Determine the 25 most important weekly training topics each employee type needs to know. For example, field concrete workers need to know how to form a building slab properly, where to install slab expansion joints, how to install steel embeds and anchor bolts, and how to fill out a timecard properly. Design learning sessions for each area and repeat them every six months to reinforce the basics.

Conduct training sessions in an interactive format versus the old classroom style of teaching where the teacher only tells the people what to do. Think coaching versus teaching and telling. Coaches explain, use examples, and get people doing exercises to encourage real learning. In group settings, select different people to lead your weekly training sessions, so everyone gets a chance to teach and be responsible for an area of workmanship. Assign topics to individuals based on their experiences and skills. Get people to stand up, participate, use tools, install materials, use equipment, and do it until they get it right.

Work together to learn together!

Off-site seminars and workshops can also be excellent training opportunities. But make sure your training programs offer more than listening to instructors. Good training involves coaching, interaction, doing, and feedback. As a professional speaker and trainer at several company meetings every year, I see lots of bad examples of training programs where the agenda includes training sessions, but no real learning happens. Some companies try to do all their training at one big annual meeting for their entire staff. The audience watches boring technical presentations or a company manager read information to the group. The audience doesn’t participate in activities or provide input, and therefore doesn’t learn how to implement any new skills being taught. They sit there, listen and try to stay awake. And then, back on the job the next day, they continue to do their job exactly as they did before.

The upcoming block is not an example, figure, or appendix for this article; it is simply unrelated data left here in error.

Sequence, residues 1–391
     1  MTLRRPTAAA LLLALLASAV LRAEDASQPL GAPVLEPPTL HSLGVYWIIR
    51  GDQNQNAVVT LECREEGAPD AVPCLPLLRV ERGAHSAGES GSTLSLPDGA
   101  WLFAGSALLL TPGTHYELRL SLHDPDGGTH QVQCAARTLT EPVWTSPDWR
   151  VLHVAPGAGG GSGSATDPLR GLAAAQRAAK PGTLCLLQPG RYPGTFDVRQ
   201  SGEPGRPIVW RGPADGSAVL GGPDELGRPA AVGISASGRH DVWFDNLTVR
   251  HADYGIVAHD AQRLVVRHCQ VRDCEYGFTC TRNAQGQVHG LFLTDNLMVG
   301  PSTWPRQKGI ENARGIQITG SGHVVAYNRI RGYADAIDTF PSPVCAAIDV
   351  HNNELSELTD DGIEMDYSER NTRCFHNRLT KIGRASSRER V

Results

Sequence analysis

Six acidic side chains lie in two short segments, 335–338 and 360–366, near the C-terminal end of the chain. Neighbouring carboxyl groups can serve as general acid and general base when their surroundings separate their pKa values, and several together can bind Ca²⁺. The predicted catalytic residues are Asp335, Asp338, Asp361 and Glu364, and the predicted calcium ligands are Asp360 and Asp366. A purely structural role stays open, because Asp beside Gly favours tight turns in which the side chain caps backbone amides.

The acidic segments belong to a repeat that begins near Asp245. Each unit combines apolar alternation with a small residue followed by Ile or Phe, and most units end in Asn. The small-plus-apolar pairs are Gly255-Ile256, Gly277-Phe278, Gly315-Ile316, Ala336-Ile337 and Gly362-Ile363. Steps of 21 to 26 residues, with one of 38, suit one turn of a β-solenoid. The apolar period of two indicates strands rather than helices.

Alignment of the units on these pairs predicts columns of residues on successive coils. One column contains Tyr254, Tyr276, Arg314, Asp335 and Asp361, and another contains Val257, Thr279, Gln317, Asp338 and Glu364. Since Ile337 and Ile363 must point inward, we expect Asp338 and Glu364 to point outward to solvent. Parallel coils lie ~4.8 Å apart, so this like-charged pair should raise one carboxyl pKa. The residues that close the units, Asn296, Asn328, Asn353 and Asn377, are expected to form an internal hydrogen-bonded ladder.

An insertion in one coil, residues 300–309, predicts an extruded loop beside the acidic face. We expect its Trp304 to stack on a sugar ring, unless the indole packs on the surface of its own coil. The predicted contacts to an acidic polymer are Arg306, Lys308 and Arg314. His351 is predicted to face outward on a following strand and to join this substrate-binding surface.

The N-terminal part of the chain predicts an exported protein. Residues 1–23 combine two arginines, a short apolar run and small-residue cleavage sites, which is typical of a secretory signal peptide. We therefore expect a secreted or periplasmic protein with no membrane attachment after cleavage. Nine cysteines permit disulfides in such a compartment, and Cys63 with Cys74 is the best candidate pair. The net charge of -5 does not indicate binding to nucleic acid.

I also speak at a lot of great annual training meetings and conventions where effective learning does takes place. Meetings can be an excellent training opportunity if organized properly and then combined with effective ongoing weekly companywide training sessions. To round out and improve your annual training, be sure to include interactive training, feedback, fun, motivation, rewards, excitement and recognition.

To get started, form a company improvement committee that meets monthly. Task them with the responsibility to design your ongoing company training program. Let them develop your training ladder, topics, schedule and format for implementation. By involving many of your key employees in this effort, everyone will get onboard and make this program a success.

George Hedley is a licensed professional business coach, popular professional speaker and author of “Get Your Business to Work!” available at his online bookstore. He works with contractors to build profitable growing companies. To request your free copy of “Profit 101 For Contractors,” sign up for his free monthly e-newsletter, hire Hedley to speak, be part of his ongoing BIZCOACH program, or take a class at Hardhat BIZSCHOOL online university, visit or email